- And pique means to provoke or instigate — you know, like your interest.
If you're going to use one in your writing, stop and think for a second — is that the right “peek” you should be using?
7) “Alot” vs. A lot vs. Allot
I hate to break it to all of you “alot” fans out there, but “alot” is not a word. If you're trying to say that someone has a vast number of things, you'd say they have “a lot” of things. And if you're trying to say that you want to set aside a certain amount of money to buy something, you'd say you'll “allot” $20 to spend on gas.
If you're trying to remember to stay away from “alot,” check out this awesome cartoon by Hyperbole and a Half featuring the alot. That face will haunt you for the rest of your content marketing days.
8) Into vs. In to
Let's clarify the “into” versus “in to” debate.
They're often confused, but “into” indicates movement (Lindsay walked into the office) while “in to” is used in lots of situations because the individual words “to” and “in” are frequently used in other parts of a sentence. For example, “to” is often used with infinitive verbs (e.g. “to drive”). Or “in” can be used as part of a verb (e.g. “call in to a meeting”).
So if you're trying to decide which to use, first figure out if the words “in” or “to” actually modify other words in the sentence. If they don't, ask yourself if it's indicating some sort of movement — if it does, you're good to use “into.”
9) Possessive Nouns
Most possessive nouns will have an apostrophe — but where you put that apostrophe can be confusing. Here are a few general rules to follow:
- If the noun is plural, add the apostrophe after the s. For example: the dogs' bones.
- If the noun is singular and ends in s, you should also put the apostrophe after the s. For example: the dress' blue color.
- On the other hand, if the noun is singular and doesn't end in an s, you'll add the apostrophe before the s. For example: the lizard's tail.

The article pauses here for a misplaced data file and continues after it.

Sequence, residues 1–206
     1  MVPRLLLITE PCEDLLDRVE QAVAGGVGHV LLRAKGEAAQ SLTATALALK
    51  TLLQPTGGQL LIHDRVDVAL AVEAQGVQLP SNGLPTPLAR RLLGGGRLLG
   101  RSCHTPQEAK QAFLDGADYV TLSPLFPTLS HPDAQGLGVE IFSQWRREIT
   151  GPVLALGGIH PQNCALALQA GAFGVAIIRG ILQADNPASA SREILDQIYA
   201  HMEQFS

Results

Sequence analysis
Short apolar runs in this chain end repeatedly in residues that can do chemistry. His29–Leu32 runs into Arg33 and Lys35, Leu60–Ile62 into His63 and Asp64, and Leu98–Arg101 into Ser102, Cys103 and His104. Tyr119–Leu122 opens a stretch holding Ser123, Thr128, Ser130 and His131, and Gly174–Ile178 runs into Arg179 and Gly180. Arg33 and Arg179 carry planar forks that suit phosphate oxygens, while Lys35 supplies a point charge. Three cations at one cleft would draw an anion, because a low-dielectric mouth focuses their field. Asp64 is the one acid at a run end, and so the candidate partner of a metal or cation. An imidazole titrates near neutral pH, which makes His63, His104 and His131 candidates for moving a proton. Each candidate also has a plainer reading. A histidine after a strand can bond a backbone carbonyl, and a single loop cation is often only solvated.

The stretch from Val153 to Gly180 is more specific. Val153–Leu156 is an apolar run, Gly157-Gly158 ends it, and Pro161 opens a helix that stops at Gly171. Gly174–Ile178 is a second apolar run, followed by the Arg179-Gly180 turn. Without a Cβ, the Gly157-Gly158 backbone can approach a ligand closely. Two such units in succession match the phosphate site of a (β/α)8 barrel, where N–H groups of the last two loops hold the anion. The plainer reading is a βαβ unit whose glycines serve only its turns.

10) i.e. vs. e.g.
Confession: I never remember this rule, so I have to Google it every single time I want to use it in my writing. I'm hoping that by writing about it here, the trend will stop.
Many people use the terms interchangeably when trying to elaborate on a point, but each one means something different: “i.e.” roughly means “that is” or “in other words,” while “e.g.” means “example given” or “for example.” The former is used to clarify something you've said, while the latter adds color to a story through an example.
11) Who vs. Whom vs. Whose vs. Who's
Whoa. This one looks like a bit of a doozy. Let's break it down, shall we?
“Who” is used to identify a living pronoun. If you asked, “Who ate all of the cookies?” the answer could be a person, like myself (“I did”), or another living being (“the dog did”).
Hey, both are realistic scenarios in my world.
“Whom” is a little trickier. It's usually used to describe someone who's receiving something, like a letter — “To whom will it be addressed?” But it can also be used to describe someone on the receiving end of an action, like in this sentence:
Whom did we hire to join the podcast team?
“Whose” is used to assign ownership to someone. See if you can spot the error in this question:
Who's sweater is that?
Because the sweater belongs to someone, it should actually be written this way:
Whose sweater is that?
“Who's,” on the other hand, is used to identify a living being. It's a contraction for “who is” — here's an example of how we might use it in a sentence here in Boston:
Who's pitching for the Red Sox tonight?
See the difference? “Whose” is used to figure out who something belongs to, whereas “who's” is used to identify someone who's doing something.